Soon after Bedard’s arrest his friends applied for a writ of habeas corpus; but, owing to the opposition of Craig, this was refused. In July two of Bedard’s companions were released, on the ground of ill health. They both, however, expressed regret at the tone which Le Canadien had adopted. In August the printer was discharged. Bedard himself declined to accept his release until he had been brought to trial and acquitted of the charge preferred against him. Craig, however, did not dare to bring him to trial, for no jury would have convicted him. Ultimately, since Bedard refused to leave the prison, he was ejected at the point of the bayonet. The situation was full of humour. Bedard was an excellent mathematician, and was in the habit of whiling away the hours of his imprisonment by solving mathematical problems. When the guard came to turn him out, he was in the midst of a geometrical problem. ‘At least,’ he begged, ’let me finish my problem.’ The request was granted; an hour later the problem was solved, and Bedard was thrust forth from the jail.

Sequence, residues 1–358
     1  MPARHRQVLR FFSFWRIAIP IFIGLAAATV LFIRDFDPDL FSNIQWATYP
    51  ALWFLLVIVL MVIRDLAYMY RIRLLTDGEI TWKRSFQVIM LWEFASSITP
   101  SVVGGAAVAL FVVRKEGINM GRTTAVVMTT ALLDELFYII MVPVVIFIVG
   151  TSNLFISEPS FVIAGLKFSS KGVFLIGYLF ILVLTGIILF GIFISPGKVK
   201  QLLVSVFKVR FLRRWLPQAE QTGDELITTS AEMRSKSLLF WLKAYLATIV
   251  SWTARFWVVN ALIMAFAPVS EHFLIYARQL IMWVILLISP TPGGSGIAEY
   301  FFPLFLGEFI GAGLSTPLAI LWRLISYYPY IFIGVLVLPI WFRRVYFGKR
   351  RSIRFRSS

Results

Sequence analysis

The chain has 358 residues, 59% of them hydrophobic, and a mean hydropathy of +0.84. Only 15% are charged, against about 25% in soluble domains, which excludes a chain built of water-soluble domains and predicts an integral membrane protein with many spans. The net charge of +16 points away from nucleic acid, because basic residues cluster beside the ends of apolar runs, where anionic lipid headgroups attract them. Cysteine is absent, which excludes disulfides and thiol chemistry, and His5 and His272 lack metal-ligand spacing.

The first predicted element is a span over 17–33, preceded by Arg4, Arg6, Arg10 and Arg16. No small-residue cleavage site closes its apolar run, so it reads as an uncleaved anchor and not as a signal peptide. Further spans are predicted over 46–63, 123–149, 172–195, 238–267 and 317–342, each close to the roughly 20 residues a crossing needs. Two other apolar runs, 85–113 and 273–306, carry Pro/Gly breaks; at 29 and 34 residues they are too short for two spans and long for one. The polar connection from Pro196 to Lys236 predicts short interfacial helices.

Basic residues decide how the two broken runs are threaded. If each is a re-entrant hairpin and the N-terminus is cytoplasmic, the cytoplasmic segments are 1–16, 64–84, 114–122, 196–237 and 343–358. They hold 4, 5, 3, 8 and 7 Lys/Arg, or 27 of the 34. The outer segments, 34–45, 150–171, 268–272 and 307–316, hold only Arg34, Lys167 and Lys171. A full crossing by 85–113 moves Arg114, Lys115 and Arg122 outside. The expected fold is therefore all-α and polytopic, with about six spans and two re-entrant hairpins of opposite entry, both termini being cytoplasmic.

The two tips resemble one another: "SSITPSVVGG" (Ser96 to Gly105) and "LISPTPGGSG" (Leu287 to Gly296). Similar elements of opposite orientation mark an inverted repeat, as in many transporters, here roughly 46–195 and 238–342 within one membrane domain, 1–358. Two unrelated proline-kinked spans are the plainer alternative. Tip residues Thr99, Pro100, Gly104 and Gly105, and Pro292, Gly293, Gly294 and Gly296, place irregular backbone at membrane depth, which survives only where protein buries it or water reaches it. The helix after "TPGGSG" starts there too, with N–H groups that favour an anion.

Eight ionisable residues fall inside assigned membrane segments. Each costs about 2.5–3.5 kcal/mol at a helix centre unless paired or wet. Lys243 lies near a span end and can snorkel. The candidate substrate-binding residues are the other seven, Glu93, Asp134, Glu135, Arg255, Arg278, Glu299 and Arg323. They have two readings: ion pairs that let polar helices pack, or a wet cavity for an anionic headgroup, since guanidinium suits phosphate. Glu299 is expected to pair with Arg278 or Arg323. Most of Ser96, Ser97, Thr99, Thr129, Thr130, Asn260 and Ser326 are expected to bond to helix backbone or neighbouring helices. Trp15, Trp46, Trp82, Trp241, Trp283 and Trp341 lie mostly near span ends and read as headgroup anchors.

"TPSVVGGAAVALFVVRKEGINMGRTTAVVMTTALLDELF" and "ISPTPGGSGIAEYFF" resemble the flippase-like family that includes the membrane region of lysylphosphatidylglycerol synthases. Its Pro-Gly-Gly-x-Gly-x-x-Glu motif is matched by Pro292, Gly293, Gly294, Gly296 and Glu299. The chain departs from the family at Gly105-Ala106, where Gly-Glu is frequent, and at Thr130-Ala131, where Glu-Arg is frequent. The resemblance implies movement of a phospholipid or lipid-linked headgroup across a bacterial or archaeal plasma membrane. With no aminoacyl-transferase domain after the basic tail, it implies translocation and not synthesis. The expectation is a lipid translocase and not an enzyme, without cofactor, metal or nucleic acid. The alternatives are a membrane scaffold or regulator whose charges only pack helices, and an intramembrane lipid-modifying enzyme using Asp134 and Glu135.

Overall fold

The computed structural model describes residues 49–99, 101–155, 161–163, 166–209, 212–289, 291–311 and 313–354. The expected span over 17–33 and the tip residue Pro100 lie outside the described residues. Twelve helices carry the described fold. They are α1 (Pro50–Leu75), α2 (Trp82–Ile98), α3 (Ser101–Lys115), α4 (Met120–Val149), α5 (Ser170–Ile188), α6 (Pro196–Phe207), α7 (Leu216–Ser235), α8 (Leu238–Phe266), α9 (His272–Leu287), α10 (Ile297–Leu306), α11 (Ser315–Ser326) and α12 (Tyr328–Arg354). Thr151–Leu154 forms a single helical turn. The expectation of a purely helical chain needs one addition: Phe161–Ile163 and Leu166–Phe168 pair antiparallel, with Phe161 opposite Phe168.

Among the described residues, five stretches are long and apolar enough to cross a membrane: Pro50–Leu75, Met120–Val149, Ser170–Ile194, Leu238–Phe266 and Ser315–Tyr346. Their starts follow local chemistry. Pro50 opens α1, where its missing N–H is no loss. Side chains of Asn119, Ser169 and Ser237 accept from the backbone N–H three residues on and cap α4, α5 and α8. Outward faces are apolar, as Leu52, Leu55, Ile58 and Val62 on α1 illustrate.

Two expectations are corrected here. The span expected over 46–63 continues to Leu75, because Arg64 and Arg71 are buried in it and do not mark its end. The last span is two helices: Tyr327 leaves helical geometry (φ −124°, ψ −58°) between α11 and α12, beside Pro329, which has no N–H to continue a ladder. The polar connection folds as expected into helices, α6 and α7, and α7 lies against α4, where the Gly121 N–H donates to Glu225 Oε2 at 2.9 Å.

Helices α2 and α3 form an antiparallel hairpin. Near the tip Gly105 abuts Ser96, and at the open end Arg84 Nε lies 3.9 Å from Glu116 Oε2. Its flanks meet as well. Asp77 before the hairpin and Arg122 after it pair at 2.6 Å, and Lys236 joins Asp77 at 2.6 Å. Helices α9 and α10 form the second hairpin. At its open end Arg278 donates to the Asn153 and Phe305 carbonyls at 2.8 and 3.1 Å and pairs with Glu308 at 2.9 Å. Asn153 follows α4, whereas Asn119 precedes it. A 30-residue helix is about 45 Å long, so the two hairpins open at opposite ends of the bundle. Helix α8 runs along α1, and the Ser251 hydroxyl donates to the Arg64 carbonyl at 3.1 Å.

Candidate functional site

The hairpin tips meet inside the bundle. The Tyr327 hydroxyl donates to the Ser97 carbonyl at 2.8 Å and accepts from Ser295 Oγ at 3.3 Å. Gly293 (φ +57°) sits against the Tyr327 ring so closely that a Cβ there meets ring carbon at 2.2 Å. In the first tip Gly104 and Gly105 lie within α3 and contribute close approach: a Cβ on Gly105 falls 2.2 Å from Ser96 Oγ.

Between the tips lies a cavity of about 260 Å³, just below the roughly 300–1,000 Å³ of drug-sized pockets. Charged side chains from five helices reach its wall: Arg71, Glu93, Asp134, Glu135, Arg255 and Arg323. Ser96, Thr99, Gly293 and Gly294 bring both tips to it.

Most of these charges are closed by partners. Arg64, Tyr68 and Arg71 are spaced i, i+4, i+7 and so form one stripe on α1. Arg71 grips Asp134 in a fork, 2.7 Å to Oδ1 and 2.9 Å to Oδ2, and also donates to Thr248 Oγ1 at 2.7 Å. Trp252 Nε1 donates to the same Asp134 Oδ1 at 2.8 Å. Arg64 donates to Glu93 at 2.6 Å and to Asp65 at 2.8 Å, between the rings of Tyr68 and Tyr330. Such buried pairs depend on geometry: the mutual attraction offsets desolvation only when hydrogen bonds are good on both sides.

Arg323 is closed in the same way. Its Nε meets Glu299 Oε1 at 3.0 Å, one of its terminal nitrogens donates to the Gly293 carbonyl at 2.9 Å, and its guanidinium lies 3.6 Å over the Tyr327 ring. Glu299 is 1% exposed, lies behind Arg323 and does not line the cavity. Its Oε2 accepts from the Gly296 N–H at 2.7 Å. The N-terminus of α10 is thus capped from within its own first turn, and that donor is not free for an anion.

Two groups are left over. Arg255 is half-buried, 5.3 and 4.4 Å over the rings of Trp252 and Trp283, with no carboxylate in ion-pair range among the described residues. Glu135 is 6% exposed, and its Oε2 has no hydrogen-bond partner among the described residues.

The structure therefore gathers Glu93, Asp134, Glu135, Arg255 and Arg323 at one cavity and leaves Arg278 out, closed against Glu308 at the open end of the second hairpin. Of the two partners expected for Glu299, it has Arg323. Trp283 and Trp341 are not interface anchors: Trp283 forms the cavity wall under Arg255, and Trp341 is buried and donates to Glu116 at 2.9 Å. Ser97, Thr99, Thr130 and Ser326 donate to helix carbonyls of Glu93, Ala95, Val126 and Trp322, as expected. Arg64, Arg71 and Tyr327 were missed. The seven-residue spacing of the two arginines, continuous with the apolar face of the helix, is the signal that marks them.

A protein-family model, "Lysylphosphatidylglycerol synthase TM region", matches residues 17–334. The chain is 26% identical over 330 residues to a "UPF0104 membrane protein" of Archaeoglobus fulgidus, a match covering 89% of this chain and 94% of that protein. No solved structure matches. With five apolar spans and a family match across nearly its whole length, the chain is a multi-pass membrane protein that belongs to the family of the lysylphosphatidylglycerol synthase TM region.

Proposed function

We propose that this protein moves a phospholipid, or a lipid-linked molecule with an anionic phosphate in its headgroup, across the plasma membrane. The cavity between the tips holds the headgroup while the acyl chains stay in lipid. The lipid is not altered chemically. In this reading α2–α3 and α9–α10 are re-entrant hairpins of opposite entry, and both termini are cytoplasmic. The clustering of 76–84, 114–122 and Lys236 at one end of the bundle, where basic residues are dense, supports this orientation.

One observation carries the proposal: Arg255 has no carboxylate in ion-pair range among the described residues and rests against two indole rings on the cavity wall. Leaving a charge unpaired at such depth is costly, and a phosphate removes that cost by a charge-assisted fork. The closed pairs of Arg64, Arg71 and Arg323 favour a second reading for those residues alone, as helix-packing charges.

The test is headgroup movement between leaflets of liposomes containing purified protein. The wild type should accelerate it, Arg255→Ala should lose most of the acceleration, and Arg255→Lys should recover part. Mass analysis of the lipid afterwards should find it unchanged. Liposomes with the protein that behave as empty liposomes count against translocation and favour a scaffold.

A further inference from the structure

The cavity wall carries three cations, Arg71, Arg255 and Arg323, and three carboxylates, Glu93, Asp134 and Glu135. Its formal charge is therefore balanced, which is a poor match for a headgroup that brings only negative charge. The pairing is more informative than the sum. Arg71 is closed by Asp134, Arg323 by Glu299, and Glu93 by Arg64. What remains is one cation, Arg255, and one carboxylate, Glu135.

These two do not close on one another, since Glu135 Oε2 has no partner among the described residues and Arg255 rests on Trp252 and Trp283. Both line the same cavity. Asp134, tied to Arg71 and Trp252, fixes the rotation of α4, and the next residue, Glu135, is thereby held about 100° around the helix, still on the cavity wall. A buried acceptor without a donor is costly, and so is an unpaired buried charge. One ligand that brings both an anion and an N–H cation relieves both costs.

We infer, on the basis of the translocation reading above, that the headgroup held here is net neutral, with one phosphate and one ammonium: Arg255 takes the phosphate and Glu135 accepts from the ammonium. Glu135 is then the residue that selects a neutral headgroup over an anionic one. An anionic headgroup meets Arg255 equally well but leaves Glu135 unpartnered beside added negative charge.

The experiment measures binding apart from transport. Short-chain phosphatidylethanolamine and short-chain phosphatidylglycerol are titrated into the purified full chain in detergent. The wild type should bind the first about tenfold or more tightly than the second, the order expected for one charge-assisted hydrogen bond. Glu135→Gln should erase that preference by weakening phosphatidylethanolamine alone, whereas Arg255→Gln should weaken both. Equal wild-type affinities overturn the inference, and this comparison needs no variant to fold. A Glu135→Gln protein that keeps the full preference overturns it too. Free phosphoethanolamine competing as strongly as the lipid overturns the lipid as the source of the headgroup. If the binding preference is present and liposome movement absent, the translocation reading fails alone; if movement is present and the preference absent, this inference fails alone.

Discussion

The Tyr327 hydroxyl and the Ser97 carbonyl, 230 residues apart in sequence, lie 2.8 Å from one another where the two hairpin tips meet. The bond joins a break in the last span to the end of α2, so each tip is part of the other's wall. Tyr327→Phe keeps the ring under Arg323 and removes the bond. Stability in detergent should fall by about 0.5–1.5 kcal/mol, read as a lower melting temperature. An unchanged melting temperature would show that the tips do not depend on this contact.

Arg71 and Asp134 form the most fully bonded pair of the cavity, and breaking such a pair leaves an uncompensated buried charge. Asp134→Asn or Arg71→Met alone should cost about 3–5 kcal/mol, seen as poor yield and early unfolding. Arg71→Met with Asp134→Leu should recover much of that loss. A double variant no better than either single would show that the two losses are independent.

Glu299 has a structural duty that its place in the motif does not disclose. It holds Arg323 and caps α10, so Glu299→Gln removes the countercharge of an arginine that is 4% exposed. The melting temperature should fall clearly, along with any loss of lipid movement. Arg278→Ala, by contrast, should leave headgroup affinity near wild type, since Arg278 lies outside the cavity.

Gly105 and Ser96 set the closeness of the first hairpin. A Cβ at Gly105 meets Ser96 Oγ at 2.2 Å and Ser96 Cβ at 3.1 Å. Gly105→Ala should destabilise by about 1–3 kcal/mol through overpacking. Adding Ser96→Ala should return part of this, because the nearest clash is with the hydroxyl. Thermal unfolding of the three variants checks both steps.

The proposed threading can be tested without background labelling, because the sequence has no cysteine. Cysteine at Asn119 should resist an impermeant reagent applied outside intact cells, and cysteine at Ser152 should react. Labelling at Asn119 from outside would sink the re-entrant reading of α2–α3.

Sir James Craig was a man of good heart and of the best intentions; but his course throughout this episode was most unfortunate. Not only did he fail to suppress the opposition to his government, but he did much to embitter the relations between the two races. Craig himself seems to have realized, even before he left Canada, that his policy had been a mistake; for he is reported on good authority to have said ’that he had been basely deceived, and that if it had been given to him to begin his administration over again, he would have acted differently.’ It is significant, too, that Craig’s successor, Sir George Prevost, completely reversed his policy. He laid himself out to conciliate the French Canadians in every way possible; and he made amends to Bedard for the injustice which he had suffered by restoring him to his rank in the militia and by making him a judge. As a result, the bitterness of racial feeling abated; and when the War of 1812 broke out, there proved to be less disloyalty in Lower Canada than in Upper Canada. But, as the events of Craig’s administration had clearly shown, a good deal of combustible and dangerous material lay about.